It suddenly struck me yesterday, what I’m trying to finish the unfinishable. The Great War may have ended in 1918, but it didn’t, and so it goes, new layers of images, understanding and history being laid down with every word typed and shutter click. I’d set various target areas to go and shoot and walk and achieved virtually none of them. I get distracted by the little metal signs and the sudden reveal of the regiments of white and brick rising out of valleys and on ridges at every corner. This isn’t a catalogue of everything it’s just what I alight on really. The Somme region, Picardie in particular is thick with our influence, the French may dwell here, but the British, Australians, New Zealanders and Canadians are with them always. Every turn reveals us, small old memorials stand on corners, obelisks and beacons to those who passed here dot the landscape. The words courage and bravery are etched into the landscape of fear; one cannot exist without the other in us.
What started out as a visit to Bernafay And Trones Wood ended up being a long slow look at Guillemont, parked up outside the muddled ranks in white at Guillemont Cemetery, then a walk with Jünger finishing at Waterlot Farm. The weather started fine, the sun was up, mist huddling against the low slopes of the valleys, like dregs of milk in a glass cup. A haze up under the early warming sun across the rise in the land towards Mametz and Contalmaison. Parked up on the hard standing and the shingle pools you can easily get lost staring into the past, naming the darkened blocks of woodland and the compass point spires of the villages.
I drove down here through piles of carbon to get to this calcium place, the industrial coal heaps in the North litter the plains around Lens and Arras before giving way to the slight rise of these chalk downs which feel so much like part of Southern England. Our language is here too. The nicknames, a codex for the unpronounceable – French the English speakers took and changed dot the place like memorials in their own right. Lochnagar, Mucky Farm, The Glory Hole, Crucifix Corner, Regina trench, The Quadrilateral. The cemeteries carry a memory too, both of the places they became for four years and the men who named them and those that lie in the burial grounds that mark them still. Caterpillar Cemetery after a trench, Norfolk, Dartmoor and Devonshire after the badges on the uniforms of those who were interred early or the regiments that first dug them. As the war lumbered on they filled with more and more from the near static armies jerking drift across the landscape. Rows of names of men, and rows of names with none, and nearly always a few ‘believed to be buried here’ – for those whose spot was lost as the war rolled backwards and forwards across the land – the shells falling turning the earth they lay in again and again. The post war clearances added to the numbers building these sleeping cities lost in the fields of Picardy.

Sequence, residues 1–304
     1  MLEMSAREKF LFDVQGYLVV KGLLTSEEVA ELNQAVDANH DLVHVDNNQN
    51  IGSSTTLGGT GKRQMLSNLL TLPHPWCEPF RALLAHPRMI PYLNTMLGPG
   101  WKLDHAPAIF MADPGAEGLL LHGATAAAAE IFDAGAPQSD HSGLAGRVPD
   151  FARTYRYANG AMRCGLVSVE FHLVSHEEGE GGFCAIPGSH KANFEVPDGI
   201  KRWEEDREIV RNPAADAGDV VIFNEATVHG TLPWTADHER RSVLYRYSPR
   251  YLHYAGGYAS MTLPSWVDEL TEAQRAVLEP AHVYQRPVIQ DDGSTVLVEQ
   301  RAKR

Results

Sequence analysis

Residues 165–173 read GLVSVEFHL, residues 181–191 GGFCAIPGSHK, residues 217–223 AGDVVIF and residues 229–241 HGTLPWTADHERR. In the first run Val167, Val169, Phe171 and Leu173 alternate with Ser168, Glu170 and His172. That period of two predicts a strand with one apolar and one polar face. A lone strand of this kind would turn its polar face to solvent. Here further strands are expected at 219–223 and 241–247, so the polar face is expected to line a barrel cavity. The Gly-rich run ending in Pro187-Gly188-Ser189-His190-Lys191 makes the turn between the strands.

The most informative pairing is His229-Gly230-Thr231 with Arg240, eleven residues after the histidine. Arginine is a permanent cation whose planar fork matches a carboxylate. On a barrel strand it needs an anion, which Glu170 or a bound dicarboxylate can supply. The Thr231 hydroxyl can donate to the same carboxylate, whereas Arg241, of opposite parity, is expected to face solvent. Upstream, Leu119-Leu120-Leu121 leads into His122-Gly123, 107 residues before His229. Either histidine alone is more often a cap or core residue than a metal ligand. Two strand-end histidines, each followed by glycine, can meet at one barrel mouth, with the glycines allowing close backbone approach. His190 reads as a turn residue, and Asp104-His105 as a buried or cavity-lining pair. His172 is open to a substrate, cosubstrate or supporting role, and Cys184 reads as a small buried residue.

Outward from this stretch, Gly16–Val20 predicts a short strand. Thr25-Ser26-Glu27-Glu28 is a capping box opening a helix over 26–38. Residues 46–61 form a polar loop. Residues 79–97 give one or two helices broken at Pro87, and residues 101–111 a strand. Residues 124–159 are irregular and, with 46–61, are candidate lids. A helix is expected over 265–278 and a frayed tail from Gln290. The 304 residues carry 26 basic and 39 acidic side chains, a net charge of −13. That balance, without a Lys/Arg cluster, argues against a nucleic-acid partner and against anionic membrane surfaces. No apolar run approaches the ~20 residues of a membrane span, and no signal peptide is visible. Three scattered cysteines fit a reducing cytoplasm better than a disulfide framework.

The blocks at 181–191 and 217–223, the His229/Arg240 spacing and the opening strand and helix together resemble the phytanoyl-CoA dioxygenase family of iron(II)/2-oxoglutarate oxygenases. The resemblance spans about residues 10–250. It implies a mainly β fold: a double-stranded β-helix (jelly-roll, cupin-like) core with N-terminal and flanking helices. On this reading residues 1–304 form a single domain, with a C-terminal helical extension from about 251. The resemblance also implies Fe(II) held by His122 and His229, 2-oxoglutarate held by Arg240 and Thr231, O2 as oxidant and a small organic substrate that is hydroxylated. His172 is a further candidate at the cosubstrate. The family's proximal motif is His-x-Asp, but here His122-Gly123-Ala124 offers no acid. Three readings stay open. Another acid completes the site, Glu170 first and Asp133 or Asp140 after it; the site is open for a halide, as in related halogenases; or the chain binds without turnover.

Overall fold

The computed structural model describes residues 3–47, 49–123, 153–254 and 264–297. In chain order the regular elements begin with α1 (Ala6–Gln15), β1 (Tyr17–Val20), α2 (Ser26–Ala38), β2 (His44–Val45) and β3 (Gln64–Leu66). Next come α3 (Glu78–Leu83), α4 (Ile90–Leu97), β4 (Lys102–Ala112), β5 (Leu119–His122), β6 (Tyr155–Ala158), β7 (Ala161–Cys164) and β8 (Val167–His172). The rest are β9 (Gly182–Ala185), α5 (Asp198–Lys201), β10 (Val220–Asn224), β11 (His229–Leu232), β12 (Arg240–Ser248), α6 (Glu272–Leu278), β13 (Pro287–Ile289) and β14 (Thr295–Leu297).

The walk around Jünger’s Lane was possibly one of the most revealing I’ve ever taken. Ernst Junger wrote enthusiastically of war, a sport for boys. This is basically some of his ground, the dirt tracks, sustained by layers of brick and chalk powdering by tyres into the chalky cloying mud. Fields slope away slick with the green of the spring wheat and maize searching for light. Some fields are freshly turned, it doesn’t take much effort to see the plough revealing our past. The area was being farmed as I walk, a beetle-like tractor moving last seasons bales ahead of me up and down the lane, the distant chug of an agro-diesel, the sucking sound of huge tyres fighting the slew of mud.